HAART: The Human-Animal Affective Robot Touch

HAART contains 7 gestures: pat, contact without movement (press), rub, scratch, stroke, tickle and `no touch'. These gestures are the most heavily used of those in Yohanan et al’s Touch Dictionary [2], gathered to communicate emotion in human-animal interaction. For the HAART data set (collected from 10 participants), each touch action was performed on a 10x10 pressure sensor [1] for 10 seconds. To assess feature robustness under realistic operating conditions when installed on a robotic animal model, each participant contributed gestures with the sensor mounted on all permutations of 3 substrate conditions (firm and flat; foam and flat; foam and curve) and 4 cover conditions (none; short minkee; long minkee; synthetic fur). The resulting dataset includes 840 gesture-captures (12 conditions x 7 gestures x 10 participants). Each capture is 10 seconds of a continuously repeated gesture, sampled at 54 Hz and trimmed to the middle 8 sec (432 frames); there are generally 10-15 gesture instances per capture. This dataset is provided as a CSV file and includes the center 8x8 frame (trimmed for consistency with CoST) with pressure values ranging from 0 to 1023. Labels include gesture type, condition, and subject number.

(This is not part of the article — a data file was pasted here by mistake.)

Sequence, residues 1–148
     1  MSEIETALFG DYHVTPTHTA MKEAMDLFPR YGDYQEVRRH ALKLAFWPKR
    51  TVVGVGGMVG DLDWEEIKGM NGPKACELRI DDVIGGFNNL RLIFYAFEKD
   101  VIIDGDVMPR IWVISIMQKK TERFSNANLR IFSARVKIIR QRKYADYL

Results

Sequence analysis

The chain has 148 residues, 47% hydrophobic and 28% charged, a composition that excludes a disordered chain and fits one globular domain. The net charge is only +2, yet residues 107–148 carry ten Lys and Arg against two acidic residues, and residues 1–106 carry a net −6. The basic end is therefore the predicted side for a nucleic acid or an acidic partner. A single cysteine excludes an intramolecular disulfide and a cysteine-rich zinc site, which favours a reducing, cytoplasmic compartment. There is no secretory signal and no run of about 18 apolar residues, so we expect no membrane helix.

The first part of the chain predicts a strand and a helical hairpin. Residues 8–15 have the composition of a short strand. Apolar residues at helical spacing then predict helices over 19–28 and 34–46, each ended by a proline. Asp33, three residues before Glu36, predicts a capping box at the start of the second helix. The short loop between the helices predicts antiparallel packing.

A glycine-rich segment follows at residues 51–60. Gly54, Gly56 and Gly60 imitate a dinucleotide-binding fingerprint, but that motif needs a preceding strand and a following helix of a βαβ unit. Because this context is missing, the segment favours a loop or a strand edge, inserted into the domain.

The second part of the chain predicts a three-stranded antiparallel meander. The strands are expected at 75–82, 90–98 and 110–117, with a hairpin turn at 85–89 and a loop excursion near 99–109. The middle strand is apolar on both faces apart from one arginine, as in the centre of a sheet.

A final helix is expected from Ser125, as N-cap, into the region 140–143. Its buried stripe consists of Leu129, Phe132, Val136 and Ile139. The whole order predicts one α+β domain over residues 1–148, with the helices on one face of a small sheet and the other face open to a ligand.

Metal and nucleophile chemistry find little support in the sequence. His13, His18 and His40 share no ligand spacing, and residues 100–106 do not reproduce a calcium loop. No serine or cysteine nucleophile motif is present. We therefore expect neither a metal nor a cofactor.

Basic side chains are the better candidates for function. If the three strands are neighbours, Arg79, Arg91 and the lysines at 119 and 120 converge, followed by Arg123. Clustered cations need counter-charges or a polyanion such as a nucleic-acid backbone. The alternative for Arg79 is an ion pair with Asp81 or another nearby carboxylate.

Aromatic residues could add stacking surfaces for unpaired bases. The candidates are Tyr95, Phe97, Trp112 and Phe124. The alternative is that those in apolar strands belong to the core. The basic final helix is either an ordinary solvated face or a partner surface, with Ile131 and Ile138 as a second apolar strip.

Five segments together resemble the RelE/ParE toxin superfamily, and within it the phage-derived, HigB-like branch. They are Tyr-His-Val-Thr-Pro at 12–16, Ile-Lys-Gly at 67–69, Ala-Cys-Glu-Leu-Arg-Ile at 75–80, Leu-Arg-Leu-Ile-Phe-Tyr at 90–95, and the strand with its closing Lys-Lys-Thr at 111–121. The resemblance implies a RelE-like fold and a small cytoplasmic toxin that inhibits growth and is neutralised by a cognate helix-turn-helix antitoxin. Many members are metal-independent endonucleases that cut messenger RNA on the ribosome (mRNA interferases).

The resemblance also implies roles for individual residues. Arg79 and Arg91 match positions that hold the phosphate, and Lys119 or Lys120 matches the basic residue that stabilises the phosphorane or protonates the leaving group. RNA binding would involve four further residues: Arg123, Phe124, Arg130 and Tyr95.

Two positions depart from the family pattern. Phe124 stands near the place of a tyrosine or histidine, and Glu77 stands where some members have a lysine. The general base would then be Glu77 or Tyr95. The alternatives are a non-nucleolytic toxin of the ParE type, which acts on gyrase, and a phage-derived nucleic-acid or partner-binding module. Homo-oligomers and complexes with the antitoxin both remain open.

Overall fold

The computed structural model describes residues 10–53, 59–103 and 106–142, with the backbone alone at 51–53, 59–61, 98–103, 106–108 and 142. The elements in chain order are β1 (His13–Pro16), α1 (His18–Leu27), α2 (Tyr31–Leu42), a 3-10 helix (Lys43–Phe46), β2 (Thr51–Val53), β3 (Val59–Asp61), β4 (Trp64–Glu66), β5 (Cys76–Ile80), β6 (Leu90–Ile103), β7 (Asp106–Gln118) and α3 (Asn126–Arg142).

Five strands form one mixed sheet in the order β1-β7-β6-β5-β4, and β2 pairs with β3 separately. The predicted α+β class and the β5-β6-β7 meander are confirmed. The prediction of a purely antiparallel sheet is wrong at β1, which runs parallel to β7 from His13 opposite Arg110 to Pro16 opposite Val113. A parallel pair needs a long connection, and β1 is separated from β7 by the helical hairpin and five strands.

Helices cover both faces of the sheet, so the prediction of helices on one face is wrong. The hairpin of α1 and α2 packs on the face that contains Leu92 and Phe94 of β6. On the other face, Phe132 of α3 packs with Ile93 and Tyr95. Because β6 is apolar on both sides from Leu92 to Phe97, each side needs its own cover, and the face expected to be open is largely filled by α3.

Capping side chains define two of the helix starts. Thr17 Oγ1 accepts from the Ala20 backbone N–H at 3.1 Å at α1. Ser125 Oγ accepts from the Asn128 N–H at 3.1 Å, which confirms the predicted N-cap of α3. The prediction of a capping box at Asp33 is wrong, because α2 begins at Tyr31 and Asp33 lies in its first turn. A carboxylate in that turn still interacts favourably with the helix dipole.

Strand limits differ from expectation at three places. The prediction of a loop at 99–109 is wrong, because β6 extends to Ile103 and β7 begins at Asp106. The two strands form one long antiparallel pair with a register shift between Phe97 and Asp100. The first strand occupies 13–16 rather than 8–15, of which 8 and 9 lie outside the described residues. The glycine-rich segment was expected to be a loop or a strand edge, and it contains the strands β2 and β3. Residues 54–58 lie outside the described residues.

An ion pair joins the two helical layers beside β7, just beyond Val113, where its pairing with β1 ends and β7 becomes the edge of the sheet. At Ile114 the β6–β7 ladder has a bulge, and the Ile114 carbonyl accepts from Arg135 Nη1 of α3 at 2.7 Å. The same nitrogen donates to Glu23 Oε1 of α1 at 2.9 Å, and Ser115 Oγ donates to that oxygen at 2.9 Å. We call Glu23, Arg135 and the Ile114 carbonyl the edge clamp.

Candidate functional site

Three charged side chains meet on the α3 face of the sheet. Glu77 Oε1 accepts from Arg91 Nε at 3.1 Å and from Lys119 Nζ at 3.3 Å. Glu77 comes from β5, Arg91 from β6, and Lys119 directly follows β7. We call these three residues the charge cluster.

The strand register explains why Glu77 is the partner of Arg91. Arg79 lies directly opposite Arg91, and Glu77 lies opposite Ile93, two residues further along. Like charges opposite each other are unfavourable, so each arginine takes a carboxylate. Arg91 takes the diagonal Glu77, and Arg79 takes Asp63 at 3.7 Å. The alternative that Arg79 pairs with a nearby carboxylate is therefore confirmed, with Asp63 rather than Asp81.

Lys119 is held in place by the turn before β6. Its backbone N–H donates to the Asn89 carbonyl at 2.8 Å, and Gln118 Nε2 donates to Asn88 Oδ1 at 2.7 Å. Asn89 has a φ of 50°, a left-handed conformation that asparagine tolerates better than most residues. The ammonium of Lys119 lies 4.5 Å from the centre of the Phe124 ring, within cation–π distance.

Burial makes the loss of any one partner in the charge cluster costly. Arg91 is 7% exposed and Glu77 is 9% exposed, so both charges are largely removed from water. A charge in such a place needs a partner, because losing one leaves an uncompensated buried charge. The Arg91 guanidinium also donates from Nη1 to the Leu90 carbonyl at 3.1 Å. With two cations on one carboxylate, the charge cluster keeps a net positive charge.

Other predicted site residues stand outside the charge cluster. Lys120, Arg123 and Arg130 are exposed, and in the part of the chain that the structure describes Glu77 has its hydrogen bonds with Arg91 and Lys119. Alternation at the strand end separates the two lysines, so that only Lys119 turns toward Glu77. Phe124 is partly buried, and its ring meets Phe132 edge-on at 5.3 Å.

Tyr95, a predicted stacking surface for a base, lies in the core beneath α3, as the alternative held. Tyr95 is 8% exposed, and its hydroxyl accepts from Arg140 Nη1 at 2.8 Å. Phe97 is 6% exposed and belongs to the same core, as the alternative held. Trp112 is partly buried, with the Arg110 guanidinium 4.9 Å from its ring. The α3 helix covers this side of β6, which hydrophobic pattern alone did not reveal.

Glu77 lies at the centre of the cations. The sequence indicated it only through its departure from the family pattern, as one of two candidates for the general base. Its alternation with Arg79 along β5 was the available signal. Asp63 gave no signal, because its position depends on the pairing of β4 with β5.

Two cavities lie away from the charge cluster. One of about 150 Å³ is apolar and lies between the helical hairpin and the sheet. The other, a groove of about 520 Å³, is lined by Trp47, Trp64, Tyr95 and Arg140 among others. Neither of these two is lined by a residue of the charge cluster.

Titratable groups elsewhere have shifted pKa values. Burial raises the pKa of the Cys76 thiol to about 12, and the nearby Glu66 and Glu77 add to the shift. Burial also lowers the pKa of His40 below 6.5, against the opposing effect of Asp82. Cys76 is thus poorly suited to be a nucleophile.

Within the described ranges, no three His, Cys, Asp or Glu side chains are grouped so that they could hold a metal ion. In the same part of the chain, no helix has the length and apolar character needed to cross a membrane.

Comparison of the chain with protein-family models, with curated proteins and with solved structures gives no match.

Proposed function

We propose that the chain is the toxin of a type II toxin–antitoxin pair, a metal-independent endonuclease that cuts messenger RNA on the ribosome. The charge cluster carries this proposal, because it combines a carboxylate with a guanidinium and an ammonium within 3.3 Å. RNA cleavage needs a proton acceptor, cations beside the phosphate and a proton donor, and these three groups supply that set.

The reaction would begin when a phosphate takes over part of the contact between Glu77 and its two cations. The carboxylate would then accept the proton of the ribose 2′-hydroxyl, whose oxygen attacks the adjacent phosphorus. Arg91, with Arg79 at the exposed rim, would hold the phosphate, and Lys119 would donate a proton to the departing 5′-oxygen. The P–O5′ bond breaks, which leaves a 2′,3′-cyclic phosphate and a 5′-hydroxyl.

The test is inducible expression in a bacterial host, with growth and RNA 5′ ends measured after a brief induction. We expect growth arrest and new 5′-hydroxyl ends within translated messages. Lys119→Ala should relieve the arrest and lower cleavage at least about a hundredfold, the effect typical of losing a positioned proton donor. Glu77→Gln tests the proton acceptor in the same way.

[1] A. Flagg and K. E. MacLean. Affective touch gesture recognition for a furry zoomorphic machine. In Proceedings of the International Conference on Tangible, Embedded and Embodied Interaction (TEI), (Barcelona, Spain), pages 25–32. 2013.

[2] S. Yohanan and K. E. MacLean. The role of affective touch in human-robot interaction: Human intent and expectations in touching the haptic creature. International Journal of Social Robotics, 4(2):163–180, 2012.